This Is What Your Next Concert or Big Game Will Look Like, the CDC Says
You can expect some big changes when concerts and games start up again, according to the CDC.
As states slowly reopen, more and more establishments are reinventing how they operate. Some of the last places to reopen will be concert and sports venues because they generally hold tens of thousands of people, making them much risker than your local grocery store. The Centers for Disease Control and Prevention (CDC) recently released some guidelines for larger events and gatherings when arenas begin to welcome patrons back. So, according to those guidelines, here's what you can expect when it's safe to go to a concert or big game again. And for places to be cautious of during reopening, check out The 10 Most Dangerous Places You Can Still Get Coronavirus, Experts Say.
There will be health alerts instead of advertisements.
There are a lot of spaces that allow for advertisements at concerts and games. The next time you attend one of these events, you may find that many posters, scoreboards, and other announcement areas will alert the crowd to health and safety rules. The CDC suggests that venues post signs "that promote everyday protective measures and describe how to stop the spread of germs by properly washing hands and properly wearing a cloth face covering." They should also "broadcast regular announcements regarding the spread of COVID-19 on public address systems."
There will be no physical contact between fans.
Say goodbye to handshakes, fist bumps, and high-fives with fellow fans for the time being. In a pre-coronavirus world, sports fans would often exchange brief physical contact to express excitement, but this is extremely ill-advised now that social distancing protocols are in effect. The CDC suggests venues "display signs (physical and/or electronic) that discourage these actions during the event." Until the COVID-19 pandemic subsides, air-fives and elbow bumps will have to suffice.
Staff and attendees will be wearing face masks.
The CDC strongly recommends both venue staff and attendees wear masks—especially when maintaining six feet of distance is not possible. Face masks are even more essential at events where people might raise their voices to shout, chant, or sing because these actions could expel more droplets, making it easier to spread the coronavirus if infected. To make sure you're wearing your mask correctly, check out You're Probably Wearing Your Face Mask Upside Down, Doctors Warn.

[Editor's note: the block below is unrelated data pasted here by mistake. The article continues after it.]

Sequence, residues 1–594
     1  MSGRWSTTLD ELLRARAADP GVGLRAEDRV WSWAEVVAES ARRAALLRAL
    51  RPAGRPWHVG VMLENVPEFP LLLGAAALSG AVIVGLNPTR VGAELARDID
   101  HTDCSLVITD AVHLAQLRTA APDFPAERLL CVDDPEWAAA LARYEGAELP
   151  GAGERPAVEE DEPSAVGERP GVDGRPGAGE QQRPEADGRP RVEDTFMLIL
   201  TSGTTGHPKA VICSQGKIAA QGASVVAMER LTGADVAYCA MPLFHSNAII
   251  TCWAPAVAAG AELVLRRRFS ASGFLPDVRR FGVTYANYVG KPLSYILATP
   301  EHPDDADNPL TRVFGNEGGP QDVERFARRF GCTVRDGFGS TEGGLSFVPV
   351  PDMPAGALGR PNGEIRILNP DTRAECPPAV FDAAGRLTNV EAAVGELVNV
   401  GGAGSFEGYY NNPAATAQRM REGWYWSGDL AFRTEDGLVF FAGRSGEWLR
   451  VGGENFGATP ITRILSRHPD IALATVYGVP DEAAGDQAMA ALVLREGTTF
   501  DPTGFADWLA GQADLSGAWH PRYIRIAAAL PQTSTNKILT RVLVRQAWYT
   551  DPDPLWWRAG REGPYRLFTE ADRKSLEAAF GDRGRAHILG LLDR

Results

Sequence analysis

The audience will be at half capacity.
To maintain social distancing, venues will have to operate with fewer people in their seats. The CDC suggests venues "block off rows or sections of seating" as well as "eliminate lines or queues if possible" and "limit attendance or seating capacity." To help keep the crowds at bay, the CDC suggests that venues stream the event online, so fans can watch virtually. To see when it will be safe to attend a concert, check out Here's When Experts Say It'll Be Safe to Go to a Concert.
There will be more entrances and exits.
The most clogged crowds often occur before and after the event. To avoid this, the CDC recommends venues use as many entrances and exits as possible. Additionally, lines to get in and out of the venue will have to be socially distanced and orderly, which means you should expect a much longer wait time. If this is the case, make sure to get to the arena, stadium, or theater early, so you don't miss the start of the show. And for more up-to-date information, sign up for our daily newsletter.
There will be physical barriers.
If the venue you're at is really serious about mitigating the spread of the coronavirus, you may see physical barriers in places where it's difficult for individuals to maintain six feet of distance. For instance, will call windows and box offices will likely have sneeze guards and partitions. Other barriers you might see include caution tape and metal barricades around heavily trafficked areas.
There will be social distancing markers.
As you might have already seen at your local restaurants or grocery stores, some businesses have put stickers or tape down to demonstrate six feet of distance. Next time you attend a concert or sporting event, you'll likely see these reminders throughout the venue guiding you on how far apart to stand and which direction to walk to avoid colliding with others. To see how the coronavirus will change TV, check out 7 Things You Won't See on TV Anytime Soon Because of Coronavirus.